Calendar Hierarchies and Conflict Checking

Webinar: Calendar Structure & Conflict Checking

In this 25-minute webinar, we explore how to organize your calendar tree and how to book your events to best reflect how the event is using the spaces in your venue. We will also discuss how your calendar structure informs the EB Conflict Checker so that you are alerted of potential double bookings at the appropriate time.

One of the most valuable features of EventBooking is conflict checking. When you add an event, EB will check your calendar for other events at that time in that space and make sure that you do not double-book or grant holds out of order.

For more information about event statuses and how they affect conflict checking, please see the article All About Status.

When we set up your account, we will arrange your calendars in a way that reflects how the space can be booked in your building. Using parent and child calendars, we will be able to let the conflict checker know that if space A is booked, then space B cannot be booked. Let's look at some examples of how this works.

Example: Convention Center

In this venue the Convention Center calendar is the parent and has four child calendars: Ballroom, Boardrooms, Function Rooms, and Exhibit Halls. Each child calendar also has its own child calendars.

If you are renting the entire Ballroom, you are able to select the parent Ballroom calendar. This will grey out the child Ballroom A, B, C and D and they cannot be booked for another event. For this example, it also allows you to know that the entire space will be used for one event (no air walls in use).

If you are only renting one part of the Ballroom, you would select only the parts of the Ballroom you need. In the picture below, I'm renting only Ballroom A and B. Ballroom C and D are able to be booked.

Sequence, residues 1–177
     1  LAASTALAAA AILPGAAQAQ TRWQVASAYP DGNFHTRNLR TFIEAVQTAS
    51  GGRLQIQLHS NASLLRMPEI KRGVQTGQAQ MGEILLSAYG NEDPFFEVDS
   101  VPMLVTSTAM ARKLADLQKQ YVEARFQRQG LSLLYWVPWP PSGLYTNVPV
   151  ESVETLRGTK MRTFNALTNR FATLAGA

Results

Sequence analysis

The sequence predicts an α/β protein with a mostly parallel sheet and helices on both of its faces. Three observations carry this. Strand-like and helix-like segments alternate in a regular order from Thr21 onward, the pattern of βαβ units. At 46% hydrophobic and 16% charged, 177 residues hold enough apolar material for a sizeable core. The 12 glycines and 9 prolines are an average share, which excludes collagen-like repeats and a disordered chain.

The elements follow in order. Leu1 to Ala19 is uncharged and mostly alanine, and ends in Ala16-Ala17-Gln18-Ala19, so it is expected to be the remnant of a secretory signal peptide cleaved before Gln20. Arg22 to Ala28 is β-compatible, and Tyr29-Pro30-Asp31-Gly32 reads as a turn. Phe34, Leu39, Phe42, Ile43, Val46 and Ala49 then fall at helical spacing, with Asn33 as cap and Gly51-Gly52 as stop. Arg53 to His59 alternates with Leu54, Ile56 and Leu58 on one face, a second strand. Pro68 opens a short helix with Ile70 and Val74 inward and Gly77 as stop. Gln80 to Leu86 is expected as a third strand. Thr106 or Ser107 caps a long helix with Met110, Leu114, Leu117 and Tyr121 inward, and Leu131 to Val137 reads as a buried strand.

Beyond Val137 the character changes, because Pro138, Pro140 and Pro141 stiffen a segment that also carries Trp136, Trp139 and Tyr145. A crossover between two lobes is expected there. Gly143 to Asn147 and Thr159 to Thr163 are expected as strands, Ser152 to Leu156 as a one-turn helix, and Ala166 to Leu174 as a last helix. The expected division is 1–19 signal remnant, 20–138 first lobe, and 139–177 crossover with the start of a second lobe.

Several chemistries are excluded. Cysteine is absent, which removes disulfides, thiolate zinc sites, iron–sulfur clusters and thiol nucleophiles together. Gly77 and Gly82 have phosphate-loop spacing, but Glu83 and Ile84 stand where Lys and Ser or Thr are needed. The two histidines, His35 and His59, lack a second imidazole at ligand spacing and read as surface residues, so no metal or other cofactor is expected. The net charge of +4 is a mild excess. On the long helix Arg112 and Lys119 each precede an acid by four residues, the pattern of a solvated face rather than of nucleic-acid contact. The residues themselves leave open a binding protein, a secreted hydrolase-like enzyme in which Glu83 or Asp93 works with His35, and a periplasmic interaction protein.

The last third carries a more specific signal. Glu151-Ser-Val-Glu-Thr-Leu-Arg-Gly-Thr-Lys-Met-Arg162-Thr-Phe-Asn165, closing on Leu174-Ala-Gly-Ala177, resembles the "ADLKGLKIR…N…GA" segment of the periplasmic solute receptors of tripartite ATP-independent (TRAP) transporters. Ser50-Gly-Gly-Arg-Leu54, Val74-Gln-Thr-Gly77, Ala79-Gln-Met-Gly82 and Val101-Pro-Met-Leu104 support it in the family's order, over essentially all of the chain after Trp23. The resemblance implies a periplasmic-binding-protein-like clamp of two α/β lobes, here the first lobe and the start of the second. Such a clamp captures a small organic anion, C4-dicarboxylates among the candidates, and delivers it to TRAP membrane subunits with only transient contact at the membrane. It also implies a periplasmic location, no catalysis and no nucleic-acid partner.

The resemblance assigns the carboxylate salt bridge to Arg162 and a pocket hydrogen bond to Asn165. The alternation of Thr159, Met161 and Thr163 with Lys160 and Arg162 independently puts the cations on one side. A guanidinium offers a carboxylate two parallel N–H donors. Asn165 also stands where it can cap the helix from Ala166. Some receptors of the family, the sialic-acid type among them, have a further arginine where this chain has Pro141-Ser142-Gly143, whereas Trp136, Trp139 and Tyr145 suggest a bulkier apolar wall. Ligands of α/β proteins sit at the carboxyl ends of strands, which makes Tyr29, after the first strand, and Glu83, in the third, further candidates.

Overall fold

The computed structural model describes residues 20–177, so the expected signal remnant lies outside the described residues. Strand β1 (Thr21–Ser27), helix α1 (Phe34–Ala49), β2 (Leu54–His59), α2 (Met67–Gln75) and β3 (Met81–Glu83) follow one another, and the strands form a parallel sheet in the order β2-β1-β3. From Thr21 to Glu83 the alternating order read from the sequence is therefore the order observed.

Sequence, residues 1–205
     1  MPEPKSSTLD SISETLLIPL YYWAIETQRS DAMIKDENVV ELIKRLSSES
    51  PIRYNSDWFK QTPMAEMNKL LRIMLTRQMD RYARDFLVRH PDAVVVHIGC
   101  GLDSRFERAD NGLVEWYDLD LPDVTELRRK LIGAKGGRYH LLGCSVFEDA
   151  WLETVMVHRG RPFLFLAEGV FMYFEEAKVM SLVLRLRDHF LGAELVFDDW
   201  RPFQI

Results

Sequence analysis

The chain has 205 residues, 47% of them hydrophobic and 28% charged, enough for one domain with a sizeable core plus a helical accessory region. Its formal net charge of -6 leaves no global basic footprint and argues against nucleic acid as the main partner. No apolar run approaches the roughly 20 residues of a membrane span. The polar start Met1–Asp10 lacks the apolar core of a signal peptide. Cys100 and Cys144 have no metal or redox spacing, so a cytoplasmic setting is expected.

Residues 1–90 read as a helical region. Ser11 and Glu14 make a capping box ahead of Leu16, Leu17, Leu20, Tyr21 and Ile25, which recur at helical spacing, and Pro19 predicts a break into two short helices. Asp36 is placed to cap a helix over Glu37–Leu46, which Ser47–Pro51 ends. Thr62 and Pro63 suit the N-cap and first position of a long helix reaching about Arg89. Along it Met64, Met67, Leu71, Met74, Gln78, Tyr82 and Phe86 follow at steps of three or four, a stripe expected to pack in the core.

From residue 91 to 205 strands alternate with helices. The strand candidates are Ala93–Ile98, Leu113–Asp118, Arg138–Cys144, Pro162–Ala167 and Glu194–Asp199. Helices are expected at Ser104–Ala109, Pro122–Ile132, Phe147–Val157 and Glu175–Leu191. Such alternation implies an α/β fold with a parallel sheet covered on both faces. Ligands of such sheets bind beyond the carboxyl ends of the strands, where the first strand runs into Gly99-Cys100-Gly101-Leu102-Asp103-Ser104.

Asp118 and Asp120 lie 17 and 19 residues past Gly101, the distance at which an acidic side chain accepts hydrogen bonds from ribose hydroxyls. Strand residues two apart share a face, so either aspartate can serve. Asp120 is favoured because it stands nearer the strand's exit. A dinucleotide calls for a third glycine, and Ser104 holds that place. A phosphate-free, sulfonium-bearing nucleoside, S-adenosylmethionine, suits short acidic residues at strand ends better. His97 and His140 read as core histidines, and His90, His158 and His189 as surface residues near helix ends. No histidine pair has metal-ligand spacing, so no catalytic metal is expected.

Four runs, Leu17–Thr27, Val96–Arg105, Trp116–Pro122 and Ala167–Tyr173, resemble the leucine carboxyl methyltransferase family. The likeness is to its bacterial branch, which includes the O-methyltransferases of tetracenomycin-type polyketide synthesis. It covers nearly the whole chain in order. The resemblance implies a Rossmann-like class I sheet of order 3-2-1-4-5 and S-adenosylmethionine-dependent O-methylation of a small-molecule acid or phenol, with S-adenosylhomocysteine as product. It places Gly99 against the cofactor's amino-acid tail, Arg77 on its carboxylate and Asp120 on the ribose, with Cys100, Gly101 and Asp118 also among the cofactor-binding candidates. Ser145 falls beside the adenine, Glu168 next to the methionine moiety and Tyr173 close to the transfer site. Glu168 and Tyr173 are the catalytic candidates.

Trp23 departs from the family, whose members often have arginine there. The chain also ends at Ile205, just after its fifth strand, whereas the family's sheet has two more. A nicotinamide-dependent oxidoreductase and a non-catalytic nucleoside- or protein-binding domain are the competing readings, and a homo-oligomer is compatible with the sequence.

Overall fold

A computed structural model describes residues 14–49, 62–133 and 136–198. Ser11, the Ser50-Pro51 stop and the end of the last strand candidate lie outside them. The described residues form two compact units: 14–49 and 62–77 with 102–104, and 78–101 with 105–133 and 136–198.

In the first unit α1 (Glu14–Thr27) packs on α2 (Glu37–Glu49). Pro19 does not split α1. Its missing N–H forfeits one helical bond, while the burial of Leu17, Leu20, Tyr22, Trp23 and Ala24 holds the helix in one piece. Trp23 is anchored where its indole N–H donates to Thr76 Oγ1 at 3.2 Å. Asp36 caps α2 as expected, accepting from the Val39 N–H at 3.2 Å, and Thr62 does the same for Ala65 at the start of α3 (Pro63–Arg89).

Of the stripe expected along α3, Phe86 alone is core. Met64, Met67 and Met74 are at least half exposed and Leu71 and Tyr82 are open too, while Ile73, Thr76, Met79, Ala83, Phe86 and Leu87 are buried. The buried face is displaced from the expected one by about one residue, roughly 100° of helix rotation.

Because Ballroom A and B are child calendars, the conflict checker will understand that they are part of the Ballroom and will not allow you to book an event at the same time in the parent Ballroom calendar.

Example: Arena

In this example, our venue is an arena with several child calendars, including an Arena Floor calendar. By arranging the calendar structure in this way, you are able to book the entire arena for your major events:

The conflict checker will not allow additional events to be booked in the Parking Lots, Restaurant, or other child calendars.

If you have a practice or other event in the arena that does not preclude use of the child calendar spaces, you would book it on the Arena Floor calendar:

If there is an event on the Arena Floor calendar, the top level Arena calendar cannot be booked at the same time. EB understands that those two spaces overlap and that there cannot be two different events occurring simultaneously.

Why not just select all the calendars individually? Because you may or may not actually be using those spaces -- they just cannot be used for anything else during that time. For example, your major arena event probably isn't using the Restaurant, but the Restaurant should not be booked for a private event during your arena event. By booking on the parent calendar, you are preventing use of contiguous spaces for conflicting events.